1) Write an outline (duh!) :) I know it's the logical thing, but lots of people don't do it, and then they run into writer's block. When I start a story I often have an idea (The Romanovs imprisoned in Siberia in a galaxy far, far away and two Jedi have to save them). Then I start asking myself: how do I get them out? Well, out of where? Out of prison. Well, what's the prison like? etc.

    Start roughing it out (write out a scene, leave a few words noting what else has to happen).

    Throw in some complications. (So the Jedi got the govt. to agree to turn over the Emperor, but the local ward boss wants to use the Emperor in a bid for power, and tries to capture them...)

    For this reason, I strongly urge that you finish the story before you start to post it! You can plug holes in the plot, insert sneaky little clues that seem like throwaways on page two that are DEEPLY SIGNIFICANT on page thirty ("OOOooh, the poisonous snake was hidden inside the tool kit left by the technician?")

    Mostly, ask yourself: does it make sense? How do I get them out of this?

    Remember that nothing beats action/adventure, and when in doubt, close your eyes and "watch" your story on your inner movie screen. Picture a John Williams score. Or listen to one as you write.

    Oh, and research helps; not just checking SW facts but looking at real descriptions of prisons, loading docks, fighter combat, etc. Heck, I took up sword fighting to help me with my lightsaber scenes! Good exercise, too!

    Oh, and most important: HAVE FUN!!!!!!!!

  9. Casper_Knightshade

    Casper_Knightshade Jedi Master star 6

    Oct 18, 2000
    The most fundamental philosophy to follow that I can suggest is be original. You can probe for story ideas, etc, but in the end you are the storyteller. Don't let anyone tell you that the idea is lousy.

    You write it the way you want to unless you are collaborating with another author. Otherwise that story is yours.

    Have the beginning and the end all ready figured out, then spend time writing that middle; there's fun in that.

    No story idea is bad, only the execution of telling the story.

    Again be as original as possible. Here's how:

    1.) Don't write trends. That means if everyone's writing JA, then don't write JA.

    2.) A.U.'s are more functional to work with. It can be your universe, using canon and/or non-canon themes.

    3.) A.U.'s can be evil. That means if you want a real writing challenge then write a A.U. like I'm doing: you're going with the basic SW storyline, but in intigrate your own universal realm into it, but at the same time not change the SW plot all that much.

    4.) Explore a differnt universe- See what hasn't been touched by books or movies. You may find a readership gold mine like I did.

    5.) Characterization developement - If you write like the current movie adaption of Episode Two, you won't win many fans. The only thing more stale than Episode One acting is a story with no feeling.

    6.) Be a storyteller - believe me you will have more fun as a storyteller than a writer or, gasp, an author.
  10. Seldes_Katne

    Seldes_Katne Jedi Master star 1

    Mar 18, 2002
    Don't be afraid to do a little research -- sometimes looking through Star Wars "reference books" will trigger ideas or help develop them. One of my favorites is The Wildlife of Star Wars, which has inspired two stories for me and contributed to a third. Other good resources include the Essential Guides (to Droids, to Moons and Planets, to Alien Species, to Characters, etc.) Research will also yield terminology, settings, and characters unique to Star Wars and will thereby make your story sound more authentic. (And I can vouch for Herman Snerd's comment about the lack of Gungans with red hair and wings -- I've spent a lot of time researching Gungans, and have yet to meet one fitting that particular description. ;))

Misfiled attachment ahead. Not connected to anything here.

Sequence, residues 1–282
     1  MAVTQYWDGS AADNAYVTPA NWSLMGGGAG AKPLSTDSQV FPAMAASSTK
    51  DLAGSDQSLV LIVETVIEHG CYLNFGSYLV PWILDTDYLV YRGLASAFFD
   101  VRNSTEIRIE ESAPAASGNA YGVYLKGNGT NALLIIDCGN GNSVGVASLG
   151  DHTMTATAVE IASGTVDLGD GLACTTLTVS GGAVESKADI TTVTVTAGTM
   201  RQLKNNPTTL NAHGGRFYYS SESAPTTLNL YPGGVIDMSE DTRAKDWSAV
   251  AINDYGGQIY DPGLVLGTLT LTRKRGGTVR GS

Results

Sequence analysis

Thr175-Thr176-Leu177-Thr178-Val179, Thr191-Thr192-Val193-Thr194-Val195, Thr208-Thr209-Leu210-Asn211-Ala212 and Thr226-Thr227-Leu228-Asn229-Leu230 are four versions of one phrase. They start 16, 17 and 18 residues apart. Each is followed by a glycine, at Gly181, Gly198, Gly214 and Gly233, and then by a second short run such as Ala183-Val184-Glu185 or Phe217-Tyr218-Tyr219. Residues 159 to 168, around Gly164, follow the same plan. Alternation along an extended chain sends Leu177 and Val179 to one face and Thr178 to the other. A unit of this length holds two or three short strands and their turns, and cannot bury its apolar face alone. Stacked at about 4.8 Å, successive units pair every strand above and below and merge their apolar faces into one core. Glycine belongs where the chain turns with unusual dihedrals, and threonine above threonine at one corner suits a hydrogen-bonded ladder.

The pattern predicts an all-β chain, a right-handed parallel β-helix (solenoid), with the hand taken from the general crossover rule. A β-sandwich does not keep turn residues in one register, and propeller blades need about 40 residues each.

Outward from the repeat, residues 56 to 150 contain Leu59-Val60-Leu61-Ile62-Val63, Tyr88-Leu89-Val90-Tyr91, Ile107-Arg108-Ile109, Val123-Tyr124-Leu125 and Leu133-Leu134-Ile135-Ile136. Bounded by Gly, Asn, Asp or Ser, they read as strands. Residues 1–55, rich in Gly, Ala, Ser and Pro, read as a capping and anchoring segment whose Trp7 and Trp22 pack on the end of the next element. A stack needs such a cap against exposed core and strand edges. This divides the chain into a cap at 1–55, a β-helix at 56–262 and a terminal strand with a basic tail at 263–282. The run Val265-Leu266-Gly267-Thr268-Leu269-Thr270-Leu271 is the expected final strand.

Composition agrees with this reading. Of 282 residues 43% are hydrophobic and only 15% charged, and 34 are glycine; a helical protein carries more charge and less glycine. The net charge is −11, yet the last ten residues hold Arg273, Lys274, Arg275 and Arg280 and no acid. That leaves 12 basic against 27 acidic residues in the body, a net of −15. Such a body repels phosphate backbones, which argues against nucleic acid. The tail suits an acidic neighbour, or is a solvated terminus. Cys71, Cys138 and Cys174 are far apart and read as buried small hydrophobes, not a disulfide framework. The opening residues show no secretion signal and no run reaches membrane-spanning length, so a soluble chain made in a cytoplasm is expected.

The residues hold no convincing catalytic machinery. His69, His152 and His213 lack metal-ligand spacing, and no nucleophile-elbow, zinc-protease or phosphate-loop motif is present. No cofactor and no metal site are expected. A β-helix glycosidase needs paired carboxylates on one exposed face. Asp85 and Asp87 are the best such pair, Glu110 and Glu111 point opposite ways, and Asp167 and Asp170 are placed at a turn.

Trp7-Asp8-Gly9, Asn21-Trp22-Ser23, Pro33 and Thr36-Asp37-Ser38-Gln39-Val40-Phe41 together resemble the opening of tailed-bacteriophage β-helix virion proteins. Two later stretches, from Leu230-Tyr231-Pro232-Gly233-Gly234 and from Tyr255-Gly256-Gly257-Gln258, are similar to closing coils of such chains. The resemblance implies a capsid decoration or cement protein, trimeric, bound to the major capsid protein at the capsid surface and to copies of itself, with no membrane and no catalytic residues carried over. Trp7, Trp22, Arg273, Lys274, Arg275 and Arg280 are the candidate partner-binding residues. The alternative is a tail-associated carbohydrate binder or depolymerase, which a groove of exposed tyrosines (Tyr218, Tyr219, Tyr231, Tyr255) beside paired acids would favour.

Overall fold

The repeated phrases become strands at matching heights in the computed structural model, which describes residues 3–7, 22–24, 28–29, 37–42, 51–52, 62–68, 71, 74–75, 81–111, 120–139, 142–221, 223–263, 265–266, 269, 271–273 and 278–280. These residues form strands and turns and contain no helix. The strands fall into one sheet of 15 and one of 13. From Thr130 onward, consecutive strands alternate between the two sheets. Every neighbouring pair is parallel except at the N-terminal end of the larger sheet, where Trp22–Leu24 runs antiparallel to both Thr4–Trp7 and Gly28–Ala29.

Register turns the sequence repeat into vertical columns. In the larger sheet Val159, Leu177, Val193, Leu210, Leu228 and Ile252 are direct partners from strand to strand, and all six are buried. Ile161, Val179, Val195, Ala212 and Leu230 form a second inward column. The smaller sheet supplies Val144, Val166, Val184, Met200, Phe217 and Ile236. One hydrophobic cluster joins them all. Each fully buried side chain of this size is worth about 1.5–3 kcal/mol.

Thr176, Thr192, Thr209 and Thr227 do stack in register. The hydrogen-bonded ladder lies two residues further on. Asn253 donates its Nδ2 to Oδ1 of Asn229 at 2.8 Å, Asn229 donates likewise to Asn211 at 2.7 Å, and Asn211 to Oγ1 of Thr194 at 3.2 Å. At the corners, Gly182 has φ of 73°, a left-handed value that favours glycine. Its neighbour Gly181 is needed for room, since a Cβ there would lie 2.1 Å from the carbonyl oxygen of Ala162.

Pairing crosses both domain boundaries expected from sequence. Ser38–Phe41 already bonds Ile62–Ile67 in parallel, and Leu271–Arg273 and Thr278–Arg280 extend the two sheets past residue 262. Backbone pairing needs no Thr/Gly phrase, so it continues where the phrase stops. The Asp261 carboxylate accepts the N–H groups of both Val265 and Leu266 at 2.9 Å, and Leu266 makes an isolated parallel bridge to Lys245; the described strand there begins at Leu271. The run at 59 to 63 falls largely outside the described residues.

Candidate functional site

Often the hardest part of writing a story is just sitting down and doing the actual writing. I sometimes spend more time getting ready to write than I spend writing. I've also found that I often have better results if I write a particular scene that's on my mind, even if isn't the next logical scene in the story. (I occasionally run into continuity problems, but those can be solved, and writing anything is better than sitting and staring at the screen in frustration.) If you find that you need to start your story in the middle in order to get the writing process going, then do that.

    I agree that it's better to have at least a first complete draft to post, even if the draft didn't turn out quite the way you wanted. By posting a first completed draft, you can ask for suggestions, point out parts that you think need work and get feedback, and actually have material with which you can work. I've found that during the writing process, my original version gets changed, sometimes drastically -- characters meant to be strictly background end up taking on larger roles, situations take strange turns, and so on. At least with a completed draft, you have material to manipulate, instead of having to pull something out of thin air.

    Definitely get a beta-reader, or at least some friendly soul who will read your story and offer both encouragement and suggestions for improvement. Two minds often are better than one.

    Writing is a fair amount of work, but it should also be, if not fun, then at least rewarding. It's really satisfying to finish a writing session and discover that my story is now three pages longer and I've significantly forwarded my plot or further developed my characters.
  11. Golden_One

    Golden_One Jedi Youngling star 1

    Mar 26, 2002
    This is actually a pretty simple suggestion compared to the others, but if you go to [link=]TFN's Fan Fiction Page[/link], you can find articles writted by talented authors explaining how to do all of that stuff :).